In many languages, starting a sentence or an utterance with something other than the subject is a marked option which has to be licensed by some discourse function, as in the case of questions (1) or so-called topicalization (2).
(1) What did she say? (2) That/*it I don’t like. (I’d rather have some …)
In English, topicalized constituents are normally stressed and invoke a notion of contrast; an unstressed personal pronoun is not felicitous, as shown in (2). In the mainland Scandinavian languages, Danish, Norwegian and Swedish, preposing of unstressed pronouns is quite common as a way to connect an utterance to the preceding context, as illustrated by the Swedish example in (3).
(3) A: Var är cykeln? [where is bike-DEF] B: Den ställde jag i garaget. [it put I in garage-DEF.]
In order to find out when this type of preposing is used in dialogue, Filippa Lindahl and I carried out a search in the Nordic Dialect Corpus, a 2.5 million word corpus of spontaneous conversations (Johannesen et al 2009). In my talk I will show that the strategies used are in line with the three types of thematic progression, proposed by i.a. Daneš (1974).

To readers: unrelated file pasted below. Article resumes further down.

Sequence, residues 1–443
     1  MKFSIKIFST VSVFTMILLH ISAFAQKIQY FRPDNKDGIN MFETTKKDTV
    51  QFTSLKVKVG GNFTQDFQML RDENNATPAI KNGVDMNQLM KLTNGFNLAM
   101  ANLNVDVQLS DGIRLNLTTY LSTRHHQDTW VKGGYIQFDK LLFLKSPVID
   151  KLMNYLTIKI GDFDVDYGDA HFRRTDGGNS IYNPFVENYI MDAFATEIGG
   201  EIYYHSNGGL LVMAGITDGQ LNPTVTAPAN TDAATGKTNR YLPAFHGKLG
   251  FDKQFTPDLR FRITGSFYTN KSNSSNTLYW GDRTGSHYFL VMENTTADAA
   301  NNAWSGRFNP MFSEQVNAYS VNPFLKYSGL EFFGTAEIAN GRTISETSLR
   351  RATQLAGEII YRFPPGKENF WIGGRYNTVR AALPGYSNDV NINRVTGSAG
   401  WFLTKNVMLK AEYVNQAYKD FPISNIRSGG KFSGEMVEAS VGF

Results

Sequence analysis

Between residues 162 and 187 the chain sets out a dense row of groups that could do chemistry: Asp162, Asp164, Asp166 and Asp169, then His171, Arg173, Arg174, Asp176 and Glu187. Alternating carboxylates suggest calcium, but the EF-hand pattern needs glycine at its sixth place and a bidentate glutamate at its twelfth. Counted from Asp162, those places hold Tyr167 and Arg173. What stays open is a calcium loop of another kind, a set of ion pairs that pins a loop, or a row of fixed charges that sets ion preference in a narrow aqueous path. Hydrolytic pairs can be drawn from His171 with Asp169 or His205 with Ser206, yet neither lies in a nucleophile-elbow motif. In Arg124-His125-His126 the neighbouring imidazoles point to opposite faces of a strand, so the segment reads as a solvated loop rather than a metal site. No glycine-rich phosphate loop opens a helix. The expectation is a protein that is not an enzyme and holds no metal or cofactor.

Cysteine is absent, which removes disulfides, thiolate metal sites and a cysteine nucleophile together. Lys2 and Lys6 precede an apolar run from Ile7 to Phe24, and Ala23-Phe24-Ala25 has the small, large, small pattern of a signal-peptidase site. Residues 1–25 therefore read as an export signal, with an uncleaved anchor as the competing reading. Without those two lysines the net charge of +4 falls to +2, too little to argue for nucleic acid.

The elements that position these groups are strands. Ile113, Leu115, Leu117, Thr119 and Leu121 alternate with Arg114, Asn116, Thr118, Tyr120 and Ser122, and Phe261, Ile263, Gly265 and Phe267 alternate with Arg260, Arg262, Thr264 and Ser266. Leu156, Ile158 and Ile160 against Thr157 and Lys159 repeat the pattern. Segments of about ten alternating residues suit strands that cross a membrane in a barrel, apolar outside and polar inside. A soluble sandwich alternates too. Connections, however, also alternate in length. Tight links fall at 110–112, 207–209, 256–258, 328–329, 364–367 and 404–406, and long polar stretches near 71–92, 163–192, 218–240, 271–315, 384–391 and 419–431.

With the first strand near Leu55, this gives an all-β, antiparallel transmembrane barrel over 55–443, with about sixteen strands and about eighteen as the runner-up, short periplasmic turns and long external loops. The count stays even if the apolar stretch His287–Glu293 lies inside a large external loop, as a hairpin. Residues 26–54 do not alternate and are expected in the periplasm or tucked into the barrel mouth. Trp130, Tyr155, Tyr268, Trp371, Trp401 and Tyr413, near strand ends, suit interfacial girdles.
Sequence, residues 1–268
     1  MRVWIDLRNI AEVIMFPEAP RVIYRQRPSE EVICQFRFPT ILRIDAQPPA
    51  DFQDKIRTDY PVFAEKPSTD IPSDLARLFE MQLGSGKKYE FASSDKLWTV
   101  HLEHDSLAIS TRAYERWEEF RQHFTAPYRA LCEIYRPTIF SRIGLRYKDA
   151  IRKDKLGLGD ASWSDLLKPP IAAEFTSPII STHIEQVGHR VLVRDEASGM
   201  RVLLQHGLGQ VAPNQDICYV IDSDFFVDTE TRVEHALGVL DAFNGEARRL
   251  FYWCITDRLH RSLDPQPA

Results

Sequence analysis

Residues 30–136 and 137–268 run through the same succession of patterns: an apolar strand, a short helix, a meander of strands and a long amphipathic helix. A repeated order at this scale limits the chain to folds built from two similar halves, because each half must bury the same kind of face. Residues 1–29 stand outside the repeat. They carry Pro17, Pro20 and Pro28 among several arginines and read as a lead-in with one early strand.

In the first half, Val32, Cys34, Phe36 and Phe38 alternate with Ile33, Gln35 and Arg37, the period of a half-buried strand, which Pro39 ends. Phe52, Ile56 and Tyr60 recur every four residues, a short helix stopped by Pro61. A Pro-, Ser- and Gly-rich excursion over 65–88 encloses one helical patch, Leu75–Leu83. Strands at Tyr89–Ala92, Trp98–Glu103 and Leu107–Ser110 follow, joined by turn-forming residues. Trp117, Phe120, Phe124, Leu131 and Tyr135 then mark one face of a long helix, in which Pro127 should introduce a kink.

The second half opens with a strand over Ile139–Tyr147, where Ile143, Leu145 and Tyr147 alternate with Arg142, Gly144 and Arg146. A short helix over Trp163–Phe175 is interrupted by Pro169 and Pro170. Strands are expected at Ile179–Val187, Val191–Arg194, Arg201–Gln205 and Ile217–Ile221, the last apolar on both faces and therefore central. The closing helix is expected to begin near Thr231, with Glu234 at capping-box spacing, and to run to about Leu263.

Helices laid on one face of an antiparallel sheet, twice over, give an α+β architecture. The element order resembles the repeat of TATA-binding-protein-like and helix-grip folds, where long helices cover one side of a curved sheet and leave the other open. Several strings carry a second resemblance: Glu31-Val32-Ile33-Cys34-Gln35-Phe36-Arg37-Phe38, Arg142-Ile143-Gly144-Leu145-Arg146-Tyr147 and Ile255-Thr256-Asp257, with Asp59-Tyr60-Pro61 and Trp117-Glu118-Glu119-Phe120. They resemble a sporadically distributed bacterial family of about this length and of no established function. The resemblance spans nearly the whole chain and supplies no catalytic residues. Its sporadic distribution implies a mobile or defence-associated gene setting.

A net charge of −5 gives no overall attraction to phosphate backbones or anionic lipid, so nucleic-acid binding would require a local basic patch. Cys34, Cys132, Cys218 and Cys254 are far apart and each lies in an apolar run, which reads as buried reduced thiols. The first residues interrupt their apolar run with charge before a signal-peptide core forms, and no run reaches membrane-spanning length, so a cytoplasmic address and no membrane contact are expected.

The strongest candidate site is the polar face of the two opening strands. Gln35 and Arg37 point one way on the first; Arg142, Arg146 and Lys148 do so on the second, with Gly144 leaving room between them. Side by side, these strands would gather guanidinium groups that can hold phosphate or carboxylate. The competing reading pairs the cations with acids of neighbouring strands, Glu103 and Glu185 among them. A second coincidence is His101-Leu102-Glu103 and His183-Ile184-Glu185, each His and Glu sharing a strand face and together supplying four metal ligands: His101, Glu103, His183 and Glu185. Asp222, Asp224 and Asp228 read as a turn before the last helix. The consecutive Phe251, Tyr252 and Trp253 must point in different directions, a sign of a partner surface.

Daneš, F. 1974. Functional sentence perspective and the organization of the text. In F. Daneš (ed.), Papers on functional sentence perspective, 106–128. Prague – The Hague & Paris.
Johannessen, J. B. et al. 2009. The Nordic Dialect Corpus – an Advanced Research Tool. In Proceedings of the 17th Nordic Conference of Computational Linguistics NODALIDA 2009. NEALT Proceedings Series Volume 4.
After having completed an MA at Uppsala University, I studied linguistics at the University of Massachusetts-Amherst. It was there that I discovered that Swedish is an interesting language from a general linguistic perspective. My PhD thesis from 1980 dealt with the syntax and semantics of questions in Swedish and was supervised by Barbara Partee.
I was post-doctoral fellow in Cognitive Science at Stanford University, research fellow at the Max-Planck-Institute for psycho-linguistics at Nijmegen and at Lund University and assistant professor at the University of Wisconsin-Madison and reader at the Centre for Cognitive Science (nowadays part of the School of Informatics) and the Human Communication Research Centre at the University of Edinburgh. In 1995 I came to the University of Gothenburg and in 2004 I became professor of Swedish.
I was a member of the Swedish Research Council between 2000 and 2013. In 2008 I was elected to the Royal Swedish Academy of Letters, History and Antiquities and in 2010 to the Royal Society of Arts and Sciences in Gothenburg. I became honorary doctor at Lund University in 2012.